Aspen cancels its fireworks for Independence Day again
The Aspen Times
For the second straight year, there will be no Fourth of July fireworks show on Aspen Mountain.
The Aspen Chamber Resort Association, which puts on the annual fireworks display, and the Aspen Fire Marshal’s Office jointly made the decision to cancel the popular event. The official reason: dry conditions.
“We are disappointed that the Fourth of July fireworks are canceled, but safety is of paramount importance,” chamber president and CEO Debbie Braun said in a prepared statement.
Fire Marshal Ed Van Walraven called the cancellation a “proactive safety measure.”
“We’ve been in a drought for a few years,” Van Walraven said Tuesday. “Last year’s drought was bad but not as bad as this year, because last year we still had moisture from the year before. This year we didn’t have that moisture. That’s the simple way of putting it.”
He said the area is under a National Weather Service red-flag warning because of low humidity and high winds. The warning serves to inform area land-management and fire-fighting agencies that conditions are ripe for wildland fires that can spread rapidly.
“We don’t want to call it off at the last minute and have everybody be disappointed, and this way people can make plans,” Van Walraven said. “I commend ACRA for working with us on this and understanding the situation.”
Pitkin County Sheriff Joe DiSalvo said that he is the official county fire warden, and all permits for fireworks shows need his signature. No permit for a Fourth of July fireworks show at Aspen Mountain came to his desk this year, but he did approve one for the Roaring Fork Club in Basalt.
Had ACRA sought a permit, DiSalvo said, he would have based his decision to approve or deny it on the current state of moisture in the area.
“When I get the fireworks permits every year for several events, I go to the other fire chiefs in the area and ask them to give me the science on this,” he said. “When I talked to my advisors last week about the possibility of (Fourth of July) fireworks up here, they said Aspen Mountain has lower energy-release components than anywhere else in the valley, it’s a north-facing slope, (and) it can be irrigated. The fire chiefs I spoke to, including Aspen’s, said they would sign it.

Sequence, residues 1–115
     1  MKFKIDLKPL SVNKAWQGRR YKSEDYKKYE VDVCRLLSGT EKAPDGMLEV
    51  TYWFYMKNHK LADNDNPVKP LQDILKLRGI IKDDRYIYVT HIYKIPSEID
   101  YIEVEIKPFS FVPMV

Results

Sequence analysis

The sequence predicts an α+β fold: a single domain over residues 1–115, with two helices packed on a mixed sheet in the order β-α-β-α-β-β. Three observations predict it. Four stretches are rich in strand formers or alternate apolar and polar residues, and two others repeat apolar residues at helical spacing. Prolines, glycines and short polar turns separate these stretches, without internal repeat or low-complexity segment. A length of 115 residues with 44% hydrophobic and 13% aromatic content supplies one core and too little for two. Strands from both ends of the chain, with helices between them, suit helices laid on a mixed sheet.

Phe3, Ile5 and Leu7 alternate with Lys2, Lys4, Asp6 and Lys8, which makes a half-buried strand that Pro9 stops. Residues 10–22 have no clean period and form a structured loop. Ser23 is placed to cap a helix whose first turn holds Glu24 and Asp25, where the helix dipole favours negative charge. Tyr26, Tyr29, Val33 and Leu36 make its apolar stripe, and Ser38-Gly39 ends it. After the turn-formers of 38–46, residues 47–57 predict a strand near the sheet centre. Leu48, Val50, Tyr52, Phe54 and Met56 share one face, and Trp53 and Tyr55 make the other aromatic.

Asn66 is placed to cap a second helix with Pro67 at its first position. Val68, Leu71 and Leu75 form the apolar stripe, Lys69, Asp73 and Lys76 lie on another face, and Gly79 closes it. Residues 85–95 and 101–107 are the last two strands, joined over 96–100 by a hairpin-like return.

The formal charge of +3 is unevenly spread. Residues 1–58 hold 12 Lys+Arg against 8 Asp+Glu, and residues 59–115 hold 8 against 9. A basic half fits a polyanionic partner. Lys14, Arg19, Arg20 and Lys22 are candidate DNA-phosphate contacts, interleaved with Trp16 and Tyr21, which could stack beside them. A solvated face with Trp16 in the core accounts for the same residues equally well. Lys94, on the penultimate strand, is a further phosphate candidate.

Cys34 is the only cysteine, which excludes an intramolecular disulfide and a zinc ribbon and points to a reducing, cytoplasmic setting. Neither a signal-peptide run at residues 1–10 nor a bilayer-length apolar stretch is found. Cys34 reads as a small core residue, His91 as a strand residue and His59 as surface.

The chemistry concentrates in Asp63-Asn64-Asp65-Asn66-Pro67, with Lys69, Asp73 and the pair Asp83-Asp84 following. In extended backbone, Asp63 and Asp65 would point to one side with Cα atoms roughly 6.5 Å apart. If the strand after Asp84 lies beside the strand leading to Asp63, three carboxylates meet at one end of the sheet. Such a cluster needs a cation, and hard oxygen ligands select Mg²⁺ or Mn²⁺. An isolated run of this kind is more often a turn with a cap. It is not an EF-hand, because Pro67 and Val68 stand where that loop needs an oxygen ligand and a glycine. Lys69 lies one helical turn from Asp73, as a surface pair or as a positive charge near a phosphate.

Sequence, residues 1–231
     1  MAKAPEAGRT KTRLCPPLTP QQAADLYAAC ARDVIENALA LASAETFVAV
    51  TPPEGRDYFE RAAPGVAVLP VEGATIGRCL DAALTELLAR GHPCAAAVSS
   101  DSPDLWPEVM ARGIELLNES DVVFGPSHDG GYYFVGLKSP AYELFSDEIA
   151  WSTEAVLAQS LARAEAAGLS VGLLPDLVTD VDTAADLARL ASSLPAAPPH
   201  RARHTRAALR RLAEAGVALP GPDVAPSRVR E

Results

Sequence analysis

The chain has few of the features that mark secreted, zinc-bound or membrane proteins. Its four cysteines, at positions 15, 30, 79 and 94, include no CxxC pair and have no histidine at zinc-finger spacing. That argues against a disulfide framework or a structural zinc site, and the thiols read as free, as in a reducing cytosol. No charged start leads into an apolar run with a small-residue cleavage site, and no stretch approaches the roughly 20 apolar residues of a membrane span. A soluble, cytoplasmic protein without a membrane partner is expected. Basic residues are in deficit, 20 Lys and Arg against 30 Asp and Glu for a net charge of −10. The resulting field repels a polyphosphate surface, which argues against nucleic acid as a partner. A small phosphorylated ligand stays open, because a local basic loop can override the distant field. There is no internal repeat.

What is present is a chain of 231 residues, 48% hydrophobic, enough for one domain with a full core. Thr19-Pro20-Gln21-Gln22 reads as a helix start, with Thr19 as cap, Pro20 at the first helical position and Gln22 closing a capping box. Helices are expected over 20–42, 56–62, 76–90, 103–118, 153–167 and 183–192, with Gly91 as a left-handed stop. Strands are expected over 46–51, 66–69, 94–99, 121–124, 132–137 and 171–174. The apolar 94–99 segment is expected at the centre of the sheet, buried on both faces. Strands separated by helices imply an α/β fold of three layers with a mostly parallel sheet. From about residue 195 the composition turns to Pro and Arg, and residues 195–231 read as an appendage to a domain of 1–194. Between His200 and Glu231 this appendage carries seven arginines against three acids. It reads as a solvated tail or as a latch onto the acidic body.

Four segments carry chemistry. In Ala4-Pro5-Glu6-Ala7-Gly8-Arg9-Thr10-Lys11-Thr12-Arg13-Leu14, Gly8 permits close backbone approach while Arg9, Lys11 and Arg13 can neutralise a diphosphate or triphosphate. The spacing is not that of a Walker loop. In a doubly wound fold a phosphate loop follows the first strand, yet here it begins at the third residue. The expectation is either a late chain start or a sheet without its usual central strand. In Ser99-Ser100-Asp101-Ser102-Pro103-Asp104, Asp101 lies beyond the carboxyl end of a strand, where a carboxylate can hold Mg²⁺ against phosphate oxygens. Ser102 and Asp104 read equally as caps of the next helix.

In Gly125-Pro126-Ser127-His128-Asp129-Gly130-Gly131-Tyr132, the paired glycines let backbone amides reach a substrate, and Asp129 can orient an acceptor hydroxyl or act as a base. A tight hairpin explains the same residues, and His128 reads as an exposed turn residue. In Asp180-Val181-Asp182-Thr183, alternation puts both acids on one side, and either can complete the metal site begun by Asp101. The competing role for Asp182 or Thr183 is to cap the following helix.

“When I left that meeting, I said if I see a permit, I will offer to sign it, with a caveat that I think (a fireworks show) is a bad message to be sending out to the rest of the state,” DiSalvo said.
With eight wildfires raging in other parts of Colorado, an Aspen fireworks show would look inappropriate and awkward, the sheriff said.
“I think canceling it was the responsible thing to do, even though conditions might be favorable for me to sign the final permit,” DiSalvo said.
In a statement, the chamber said that despite the cancellation of the fireworks show, there will be plenty of Independence Day festivities, including the Boogie’s five-mile charity run or one-mile family and canine walk, a kids carnival, the noontime parade down Main Street, community picnics, free concerts and more.
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During what turned into a 30-minute conversation that got heated Tuesday night, Aspen Mayor Torre voiced his frustration with the city manager’s office in not putting together a community event sooner than the first of the year, while Councilwoman Rachel Richards said some of the mayor’s frustrations and comments were “unfounded.”